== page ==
Client Node Tuning¶
Parallel Network Requests¶
Each BeeGFS client establishes multiple network connections to the same server, which allows the
client to have multiple network requests in flight to this server.
The number of connections from a particular client to the same server can be configured by setting
the value of
Increasing the number of connections may improve performance and responsiveness for certain
workloads. When increasing the value, it is extremely important to keep the resulting RAM usage for
network buffers on the servers in mind, especially for InfiniBand and larger cluster setups. Make
sure to read the comments for
beegfs-client.conf to learn more about the server-side RAM usage. Note that
needs to be an integer multiple of 4 KiB. On a compute node, it usually doesn’t make sense to set
this number higher than the number of CPU cores. On a cluster login node, setting this value higher
than the number of CPU cores may help to improve responsiveness when multiple users are active.
BeeGFS clients establish connections only when they are needed (and drop them after some idle time).
Use the command
beegfs-net on a client to see the number of currently established connections to
each of the servers.
beegfs-net is contained in the
beegfs-utils package. The total space
used by the buffers (
connRDMABufNum) should be larger or equal to the data
chunk size, so that the messages exchanged between client and storage servers do not need to be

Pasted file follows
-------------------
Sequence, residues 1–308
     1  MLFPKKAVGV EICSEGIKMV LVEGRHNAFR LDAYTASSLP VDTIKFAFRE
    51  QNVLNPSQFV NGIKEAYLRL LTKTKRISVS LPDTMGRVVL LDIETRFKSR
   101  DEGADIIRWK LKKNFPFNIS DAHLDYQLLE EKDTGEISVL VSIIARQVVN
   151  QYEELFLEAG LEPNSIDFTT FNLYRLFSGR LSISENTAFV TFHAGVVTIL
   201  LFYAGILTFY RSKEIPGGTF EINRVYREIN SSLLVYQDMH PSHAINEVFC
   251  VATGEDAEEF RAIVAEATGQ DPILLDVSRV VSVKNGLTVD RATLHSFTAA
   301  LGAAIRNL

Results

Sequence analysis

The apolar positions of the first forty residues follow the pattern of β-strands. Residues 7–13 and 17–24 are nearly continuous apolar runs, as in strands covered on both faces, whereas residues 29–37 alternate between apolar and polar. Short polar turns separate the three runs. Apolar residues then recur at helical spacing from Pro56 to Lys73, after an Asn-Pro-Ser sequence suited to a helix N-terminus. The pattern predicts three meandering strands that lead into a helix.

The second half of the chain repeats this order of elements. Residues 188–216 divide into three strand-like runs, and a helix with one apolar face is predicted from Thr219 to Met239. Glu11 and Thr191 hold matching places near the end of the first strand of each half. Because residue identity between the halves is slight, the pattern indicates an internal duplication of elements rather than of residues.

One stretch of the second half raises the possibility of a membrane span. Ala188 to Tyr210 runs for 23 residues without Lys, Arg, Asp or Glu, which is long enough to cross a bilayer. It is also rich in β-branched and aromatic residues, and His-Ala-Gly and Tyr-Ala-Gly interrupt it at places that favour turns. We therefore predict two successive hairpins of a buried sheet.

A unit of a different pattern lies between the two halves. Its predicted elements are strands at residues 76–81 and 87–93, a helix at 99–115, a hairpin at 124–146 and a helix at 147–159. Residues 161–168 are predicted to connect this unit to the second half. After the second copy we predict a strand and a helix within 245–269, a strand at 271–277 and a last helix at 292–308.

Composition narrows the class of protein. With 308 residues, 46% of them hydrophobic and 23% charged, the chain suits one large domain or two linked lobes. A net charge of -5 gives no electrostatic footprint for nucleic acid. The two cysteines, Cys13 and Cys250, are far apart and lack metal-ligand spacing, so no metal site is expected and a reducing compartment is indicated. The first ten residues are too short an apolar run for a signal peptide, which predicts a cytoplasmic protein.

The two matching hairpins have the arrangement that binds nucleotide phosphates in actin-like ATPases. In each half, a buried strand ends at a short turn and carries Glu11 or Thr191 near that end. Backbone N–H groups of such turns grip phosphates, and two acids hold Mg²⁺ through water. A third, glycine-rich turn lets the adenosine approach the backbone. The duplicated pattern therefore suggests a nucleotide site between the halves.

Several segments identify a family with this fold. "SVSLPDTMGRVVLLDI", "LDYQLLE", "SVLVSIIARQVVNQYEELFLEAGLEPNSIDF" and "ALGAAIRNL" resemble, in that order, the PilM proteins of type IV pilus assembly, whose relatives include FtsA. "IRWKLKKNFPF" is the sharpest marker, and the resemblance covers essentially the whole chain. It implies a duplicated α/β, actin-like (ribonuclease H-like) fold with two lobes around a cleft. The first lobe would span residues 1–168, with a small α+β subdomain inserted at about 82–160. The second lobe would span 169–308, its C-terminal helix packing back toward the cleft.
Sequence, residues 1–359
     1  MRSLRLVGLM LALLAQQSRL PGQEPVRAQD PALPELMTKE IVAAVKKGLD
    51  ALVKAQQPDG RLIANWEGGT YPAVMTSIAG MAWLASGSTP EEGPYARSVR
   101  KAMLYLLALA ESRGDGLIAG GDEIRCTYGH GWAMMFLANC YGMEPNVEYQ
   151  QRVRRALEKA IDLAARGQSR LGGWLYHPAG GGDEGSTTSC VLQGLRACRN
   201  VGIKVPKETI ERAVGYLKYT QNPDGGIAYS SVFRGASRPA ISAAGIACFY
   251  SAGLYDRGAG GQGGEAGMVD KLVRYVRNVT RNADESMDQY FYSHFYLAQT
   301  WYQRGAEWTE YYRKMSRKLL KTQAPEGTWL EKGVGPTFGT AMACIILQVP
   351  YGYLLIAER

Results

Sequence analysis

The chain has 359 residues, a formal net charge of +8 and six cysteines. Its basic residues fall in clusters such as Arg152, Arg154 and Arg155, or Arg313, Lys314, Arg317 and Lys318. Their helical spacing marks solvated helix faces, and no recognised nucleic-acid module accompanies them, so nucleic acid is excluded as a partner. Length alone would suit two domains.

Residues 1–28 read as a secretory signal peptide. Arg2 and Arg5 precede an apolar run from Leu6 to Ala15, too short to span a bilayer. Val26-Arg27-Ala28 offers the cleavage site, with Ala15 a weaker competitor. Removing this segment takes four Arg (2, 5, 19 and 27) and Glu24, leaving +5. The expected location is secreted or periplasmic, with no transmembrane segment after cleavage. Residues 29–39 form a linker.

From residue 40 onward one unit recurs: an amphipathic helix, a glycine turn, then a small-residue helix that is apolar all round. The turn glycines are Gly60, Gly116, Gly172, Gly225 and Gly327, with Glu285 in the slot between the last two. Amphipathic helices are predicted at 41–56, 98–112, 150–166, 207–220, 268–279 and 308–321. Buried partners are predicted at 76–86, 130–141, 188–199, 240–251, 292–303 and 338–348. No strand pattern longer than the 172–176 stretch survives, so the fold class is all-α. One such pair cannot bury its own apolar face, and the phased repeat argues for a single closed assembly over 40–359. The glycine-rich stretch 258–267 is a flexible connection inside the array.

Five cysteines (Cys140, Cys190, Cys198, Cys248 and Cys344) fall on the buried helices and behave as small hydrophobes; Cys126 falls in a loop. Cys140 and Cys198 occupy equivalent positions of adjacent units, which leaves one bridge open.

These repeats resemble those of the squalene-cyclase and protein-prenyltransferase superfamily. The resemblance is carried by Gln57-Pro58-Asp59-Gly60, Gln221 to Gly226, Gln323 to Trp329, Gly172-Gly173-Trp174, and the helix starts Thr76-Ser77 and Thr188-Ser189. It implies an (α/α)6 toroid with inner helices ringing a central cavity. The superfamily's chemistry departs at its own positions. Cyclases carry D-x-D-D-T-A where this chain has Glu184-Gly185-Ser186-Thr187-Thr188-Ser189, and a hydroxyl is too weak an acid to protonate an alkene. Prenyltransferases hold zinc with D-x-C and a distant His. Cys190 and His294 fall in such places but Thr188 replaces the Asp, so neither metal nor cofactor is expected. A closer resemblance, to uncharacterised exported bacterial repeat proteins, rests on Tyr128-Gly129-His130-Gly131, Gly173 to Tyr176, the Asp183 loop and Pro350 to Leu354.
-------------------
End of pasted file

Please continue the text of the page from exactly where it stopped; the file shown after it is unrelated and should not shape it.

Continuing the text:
split to fit into the buffers available. The default RDMA settings (
connRDMABufSize = 65536 ``,
``connRDMABufNum = 12) are OK for the default chunk size of 512 KB. If you set a chunk size
of 1 MB and a buffer size of 65536, the number of buffers should be at least
1 MB / 64 KB + 4
additional buffers for protocol, so 20 in this example.
BeeGFS clients have a configuration option to control behavior when a user application calls
fsync(). The option is called
client can either enforce that data is committed to the server disks on
tuneRemoteFSync=true) or only make sure that data is transferred to the server-side cache
tuneRemoteFSync=false). Disabling remote fsync can significantly reduce disk seeks and thus
improves performance for applications that use a lot of
Some Linux distributions install a locate tool which scans all file systems once per day
to build a database of existing files. These tools can create unnecessary load on the filessytem if
they are active on the client nodes.
Either deactivate this service if you don’t need it or edit the file
/etc/updatedb.conf to make
sure that the
beegfs file system type is contained in the
PRUNEFS list and your BeeGFS
mount point is contained in the
BeeGFS clients support a time-limited retry mode for communications,
which will make them keep on trying to complete their I/O operation in case a server is
temporarily unreachable. The
connCommRetrySecs option in
sets the time limit for communication retries. Retries can be stopped by:
Interrupting the application waiting for the I/O operation, e.g. CTRL + c.
Disabling retries for the entire mountpoint:
echo false > /proc/fs/beegfs/<...>/conn_retries_enabled
Clients can prefer certain storage servers for new files and directories.
For example, due to a certain network topology. See options
/etc/beegfs/beegfs-client.conf. Note: These options only affect the
placement of new files. Clients having those options can set still read all files, regardless on
which server they are located.